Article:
What is the Oxford comma? Its alternative name – the serial comma – provides more of a clue.
It’s the difference between apples, oranges, and bananas AND apples, oranges and bananas. See what I did there?
Is this a big deal? It is to some people.
Our bottom line with all our pieces about style and grammar is simple: be consistent.
But which way should you swing?
There are those who are strongly opinionated on the Oxford comma. I’ve even seen ‘Fan of the Oxford comma’ as part of Twitter bios. Or words to that effect.
Although neither is technically right – or wrong – my advice when it comes to professional content creation is simple. Leave out the Oxford comma.
Why? It’s an extra character. It might not mean extra ink online but I always think it slows down the flow of a sentence. In a headline (I know, there are rarely A,B and C lists in headlines) it is downright ugly.
And before anyone thinks this is a cultural view – given its origin at the Oxford University Press – consider that the Oxford comma is arguably slightly more favoured in the US than the UK and other users of British English.
Which is funny, given how many American English words evolved to be more efficient in use of characters. (Saving old time newspaper publishers some of that there ink along the way.)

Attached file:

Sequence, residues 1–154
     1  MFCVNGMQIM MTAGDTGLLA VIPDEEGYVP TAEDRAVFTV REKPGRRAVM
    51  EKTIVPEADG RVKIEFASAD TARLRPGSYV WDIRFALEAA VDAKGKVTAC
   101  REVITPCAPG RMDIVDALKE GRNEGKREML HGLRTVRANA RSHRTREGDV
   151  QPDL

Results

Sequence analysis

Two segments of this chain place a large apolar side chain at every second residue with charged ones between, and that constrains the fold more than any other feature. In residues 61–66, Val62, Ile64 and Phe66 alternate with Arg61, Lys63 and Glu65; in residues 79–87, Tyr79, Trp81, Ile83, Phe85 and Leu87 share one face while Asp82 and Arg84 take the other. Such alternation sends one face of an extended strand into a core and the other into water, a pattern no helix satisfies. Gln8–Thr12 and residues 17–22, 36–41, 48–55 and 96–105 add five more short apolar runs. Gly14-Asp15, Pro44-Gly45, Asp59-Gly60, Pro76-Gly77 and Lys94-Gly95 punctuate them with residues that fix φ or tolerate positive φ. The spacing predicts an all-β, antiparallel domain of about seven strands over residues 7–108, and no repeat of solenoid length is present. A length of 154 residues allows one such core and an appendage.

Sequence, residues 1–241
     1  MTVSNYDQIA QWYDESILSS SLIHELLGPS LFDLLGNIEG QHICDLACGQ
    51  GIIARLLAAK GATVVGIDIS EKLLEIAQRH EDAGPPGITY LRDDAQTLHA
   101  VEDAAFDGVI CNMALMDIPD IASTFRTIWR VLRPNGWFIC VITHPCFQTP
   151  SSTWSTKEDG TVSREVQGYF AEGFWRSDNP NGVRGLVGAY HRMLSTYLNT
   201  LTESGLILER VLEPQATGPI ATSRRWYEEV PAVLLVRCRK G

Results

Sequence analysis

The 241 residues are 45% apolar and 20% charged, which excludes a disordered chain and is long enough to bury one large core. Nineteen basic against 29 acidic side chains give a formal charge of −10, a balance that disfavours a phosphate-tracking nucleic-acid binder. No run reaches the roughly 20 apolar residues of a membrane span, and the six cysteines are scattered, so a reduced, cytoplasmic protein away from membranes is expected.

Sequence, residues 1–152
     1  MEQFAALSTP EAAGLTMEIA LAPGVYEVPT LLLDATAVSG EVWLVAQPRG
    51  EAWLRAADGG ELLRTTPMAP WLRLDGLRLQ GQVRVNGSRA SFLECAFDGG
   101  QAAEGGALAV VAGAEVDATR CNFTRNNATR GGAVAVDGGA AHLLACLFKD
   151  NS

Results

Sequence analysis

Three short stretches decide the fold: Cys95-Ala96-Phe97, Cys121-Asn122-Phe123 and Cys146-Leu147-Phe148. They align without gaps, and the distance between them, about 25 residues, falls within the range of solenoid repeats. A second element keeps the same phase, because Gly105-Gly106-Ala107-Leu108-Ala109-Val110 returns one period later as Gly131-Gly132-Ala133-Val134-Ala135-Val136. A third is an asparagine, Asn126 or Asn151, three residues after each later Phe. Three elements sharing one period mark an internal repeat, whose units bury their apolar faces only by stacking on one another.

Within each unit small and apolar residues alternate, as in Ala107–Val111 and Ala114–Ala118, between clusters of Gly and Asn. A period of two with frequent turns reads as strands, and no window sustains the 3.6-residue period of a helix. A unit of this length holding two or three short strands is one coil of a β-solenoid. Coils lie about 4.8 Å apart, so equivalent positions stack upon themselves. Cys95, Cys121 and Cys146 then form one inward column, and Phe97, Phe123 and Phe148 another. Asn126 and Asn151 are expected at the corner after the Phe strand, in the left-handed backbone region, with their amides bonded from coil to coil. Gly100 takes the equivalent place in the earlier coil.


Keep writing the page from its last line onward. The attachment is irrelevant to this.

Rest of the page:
As ever, Wikipedia is good on grammar. Its entry on the serial comma even includes this famous reason for using it, the book dedication: “To my parents, Ayn Rand and God.”
Make an exception (there are always exceptions to a rule!) when writing certain types of lists eg pairs – ‘My favourite desserts are peaches and cream, jelly and custard, and apple pie and ice-cream.’
Bonus bonus tip:
It is occasionally referred to as the Harvard comma. It’s a veritable Rhodes Scholar of punctuation!
Need to know about events? Buy the e-book, Everything In Moderation: How to chair, moderate and otherwise lead events, by Collective Content (UK) founder Tony Hallett, at Amazon.co.uk.